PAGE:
Date Four: Table for One

This experiment began with an impulsive decision, and while I was still iffy about where it was going, I knew that the only way to get through it was to stop overthinking and just do what my brain wanted to do at the moment. So, the next day, after I had gotten off from work, once again, instead of my feet leading me home, I was taken to a restaurant near my house, and I told myself I was going to sit down and eat alone, no matter how many people were in there when I walked in. Thankfully, the place wasn’t too crowded but there were more people than I felt comfortable with at that point. Regardless, I sat down, asked for the menu, and ordered. I was determined, and at this point, I looked around and no one was even paying attention to me, so what did it matter? Instead of doing what I would usually do to avoid any singular thought from entering my brain, I stayed off of my phone and focused on eating and being with myself. At first, the silence was uncomfortable, and I felt vulnerable being the only one at the table, but I found myself forgetting about the fact that I was alone. Suddenly, my plate was empty, and I was walking home with my stomach and my heart full. Even though I felt awkward at first, I didn’t even notice it by the end, which was a win in my book! 

Date Five: Back to Coffee 

 At this point, even though I saw my friends every day, I missed doing things with them instead of telling them what I had done. But I wanted to feel secure in public by myself, so I went back to the beginning. Before class, I decided to get some work done at the coffee shop where this idea was born. Even though I was still feeling that adrenaline anxiety that plagued me throughout this entire experiment, I wanted to prove to myself that I could feel confident by myself. This time, I didn’t mess up my order and no change hit the floor, so I was already improving from my first experience. There weren’t as many people as the first time, so I felt more confident in picking out a seat and playing music while working. And though I felt a looming feeling while I was working, I felt proud of myself because I wasn’t crawling out of my skin, anxious to get out of there as quickly as possible.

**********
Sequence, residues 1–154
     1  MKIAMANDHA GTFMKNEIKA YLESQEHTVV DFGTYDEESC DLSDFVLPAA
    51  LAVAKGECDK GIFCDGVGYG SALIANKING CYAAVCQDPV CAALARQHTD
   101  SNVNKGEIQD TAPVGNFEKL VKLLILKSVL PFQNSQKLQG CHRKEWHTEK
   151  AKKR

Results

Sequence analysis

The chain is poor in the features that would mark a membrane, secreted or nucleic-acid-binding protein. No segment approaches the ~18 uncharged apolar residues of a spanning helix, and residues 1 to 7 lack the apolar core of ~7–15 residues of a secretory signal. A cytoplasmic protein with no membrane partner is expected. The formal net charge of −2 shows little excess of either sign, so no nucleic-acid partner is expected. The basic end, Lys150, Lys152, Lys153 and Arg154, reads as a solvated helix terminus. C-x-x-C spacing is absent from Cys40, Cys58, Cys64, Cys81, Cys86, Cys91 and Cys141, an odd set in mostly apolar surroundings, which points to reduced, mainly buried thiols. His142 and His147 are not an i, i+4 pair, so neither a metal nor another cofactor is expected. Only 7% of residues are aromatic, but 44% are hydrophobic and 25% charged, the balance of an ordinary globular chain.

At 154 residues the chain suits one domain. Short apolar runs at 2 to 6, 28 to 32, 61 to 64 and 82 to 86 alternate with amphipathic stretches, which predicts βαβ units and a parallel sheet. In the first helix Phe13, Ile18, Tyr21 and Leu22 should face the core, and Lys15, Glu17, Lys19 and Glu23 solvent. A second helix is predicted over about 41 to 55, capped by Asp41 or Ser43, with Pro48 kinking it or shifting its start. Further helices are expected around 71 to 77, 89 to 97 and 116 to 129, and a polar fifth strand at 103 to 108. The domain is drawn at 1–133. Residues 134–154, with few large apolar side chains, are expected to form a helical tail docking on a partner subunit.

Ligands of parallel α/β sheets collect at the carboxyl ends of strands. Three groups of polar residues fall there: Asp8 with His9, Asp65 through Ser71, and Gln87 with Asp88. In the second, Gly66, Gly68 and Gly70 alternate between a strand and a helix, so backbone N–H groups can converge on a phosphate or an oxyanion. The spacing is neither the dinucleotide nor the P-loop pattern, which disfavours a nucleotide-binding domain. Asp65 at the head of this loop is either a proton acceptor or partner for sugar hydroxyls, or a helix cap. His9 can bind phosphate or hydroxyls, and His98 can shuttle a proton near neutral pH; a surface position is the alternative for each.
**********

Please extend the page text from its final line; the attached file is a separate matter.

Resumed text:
The Aftermath

After five days and a lot of trial and error, I was proud of going further than I had anticipated. So here’s what I learned about myself: I like my alone time, but I cherish that alone time by being on my own, and not in situations where I feel like I’m being watched or judged by everyone else. Being a woman didn’t exactly help this experiment either, as being alone made me hyperaware of my surroundings at all times, something that I don’t have to worry about because there’s most definitely safety in numbers. Another thing I learned about myself is that I cherish my time with my friends and family dearly. Even though I was alone, I always let my loved one’s into what I was doing. And I don’t think that’s necessarily a bad thing. I’m in the most transitional part of my life, so feeling like I was wasting precious time alone when I could be spending it with my friends, especially as someone whose main love language is quality time, was the most difficult part of this experiment. I’m glad I went through with it, and I’m glad I know I have it within myself to be my own best friend. 

Luisa Colón is an undergraduate student at the University of Puerto Rico Rio Piedras Campus where they are currently working towards a BA in English Literature with an emphasis on Contemporary Literature. Besides the usual long walks on the beach, she enjoys reading romance novels, updating their bookstagram, and starting (but never finishing) crochet projects.